After spending time on the beach taking photos and watching the waves crashing in for a while, we walked a little further along the prom into and around Shanklin.

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http://www.visitshanklin.co.uk/

Afterwards we rode the old cliff lift back up and walked the scenic coastal path back into Shanklin Old Village where we enjoyed a delicious meal at the thatched Old Village Inn before getting a taxi back to site.

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https://isleofwight.com/item/village-inn-shanklin-isle-of-wight/

Another day gone in flash.  The next day we were getting back on our bikes to visit Sandown.

ONWARD!>>>>

Suzie & Bri

Newchurch, The Donkey Sanctuary & Ventnor, Isle of Wight

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We arrived at Southland C&MC Site just outside the village of Newchurch in the Arreton Valley area.  It’s located on the more popular (tourist-wise) South East-ish side of the island, and we deemed it an ideal base for exploring places such as Sandown, Shanklin, and Ventnor.

Newchurch itself (just a couple of mins away by push bike) has a very nice inn, The Pointer Inn, where we had pre-booked a table for our first evening.  We found this to be our favourite pub over the other nearby one, The Fighting Cocks which is a mile away.  The Fighting Cocks is a very popular pub for families though.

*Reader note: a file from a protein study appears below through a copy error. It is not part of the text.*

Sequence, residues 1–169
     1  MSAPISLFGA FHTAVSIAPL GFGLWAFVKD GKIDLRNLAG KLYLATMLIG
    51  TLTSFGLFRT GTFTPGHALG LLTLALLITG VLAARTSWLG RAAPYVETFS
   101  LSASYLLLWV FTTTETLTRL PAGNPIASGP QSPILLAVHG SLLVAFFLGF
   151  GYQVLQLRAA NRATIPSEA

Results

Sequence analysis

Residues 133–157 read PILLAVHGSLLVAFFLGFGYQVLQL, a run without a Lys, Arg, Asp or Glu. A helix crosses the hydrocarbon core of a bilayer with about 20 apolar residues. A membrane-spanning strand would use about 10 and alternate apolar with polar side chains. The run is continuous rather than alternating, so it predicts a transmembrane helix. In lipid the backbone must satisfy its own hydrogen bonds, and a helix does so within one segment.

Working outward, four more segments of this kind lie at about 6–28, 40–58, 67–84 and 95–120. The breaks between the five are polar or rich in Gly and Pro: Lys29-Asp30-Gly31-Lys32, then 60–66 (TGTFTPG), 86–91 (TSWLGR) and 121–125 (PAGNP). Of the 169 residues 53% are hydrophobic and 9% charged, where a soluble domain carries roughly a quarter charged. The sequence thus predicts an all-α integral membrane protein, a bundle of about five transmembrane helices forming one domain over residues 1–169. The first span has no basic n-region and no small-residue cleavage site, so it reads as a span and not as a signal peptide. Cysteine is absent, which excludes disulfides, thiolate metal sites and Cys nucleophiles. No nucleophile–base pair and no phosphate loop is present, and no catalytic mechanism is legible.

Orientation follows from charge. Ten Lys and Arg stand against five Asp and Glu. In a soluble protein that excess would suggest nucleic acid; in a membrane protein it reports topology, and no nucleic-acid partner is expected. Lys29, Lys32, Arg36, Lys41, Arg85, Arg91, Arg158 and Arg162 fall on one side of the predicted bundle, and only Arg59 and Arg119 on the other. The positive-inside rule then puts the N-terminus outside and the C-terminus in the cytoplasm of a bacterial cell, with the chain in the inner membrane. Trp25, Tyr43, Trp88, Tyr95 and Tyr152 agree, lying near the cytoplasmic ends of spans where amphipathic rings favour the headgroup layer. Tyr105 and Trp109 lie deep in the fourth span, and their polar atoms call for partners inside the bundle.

http://www.pointernewchurch.co.uk/

http://www.thefightingcocksiow.co.uk/

Southland C&MC Site is beautifully kept and well laid out, offering many pitches, grass or hardstanding and some are serviced.  The wardens were extremely welcoming, friendly and helpful re local information and there’s also an info hut worth perusing.  The facilities looked well up to the club standards you’d expect but as usual we used our own.

On the day of our arrival, we were spoilt for choice of vacant pitches as many people seemed to have left that morning (nothing to do with our arrival!).  We pitched up on pitch 178, a hard standing pitch with a small privacy hedge to the side.  It offered great all day sunshine too.  All pitches are a generous size though and finding something to suit whatever preferences you have isn’t difficult.

It was a blisteringly hot day on arrival and so, after a long journey, we just pitched up and enjoyed a few hours sitting in the sunshine with a glass of bubbly watching buzzards flying overhead.

After lounging we hopped on the bikes and cycled to The Pointer Inn for dinner.

Next day, we decided to hop on our bikes and cycle 6 miles to the old Victorian seaside resort of Ventnor.

https://www.visitisleofwight.co.uk/explore/towns/ventnor

On our way we called in at the Isle of Wight Donkey Sanctuary at Lower Winstone Farm in Wroxall.

https://www.iowdonkeysanctuary.org/

We spent an hour or so there meeting the donkeys and also a few Shetland ponies.  This Sanctuary does amazing work and is totally reliant on charity so although its free to enter, donations are desperately needed.  You can also contribute by adopting a donkey.  We left our donations and had a coffee in the cafe during our wander around.  Please pop in if in the area, its well worth a visit to meet these wonderful animals.

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Afterwards, we climbed back on our bikes and cycled the hilly roads towards Ventnor.  While cycling along, Suzie spotted 2 snakes writhing around by the roadside (this significantly increased our pace up the hill).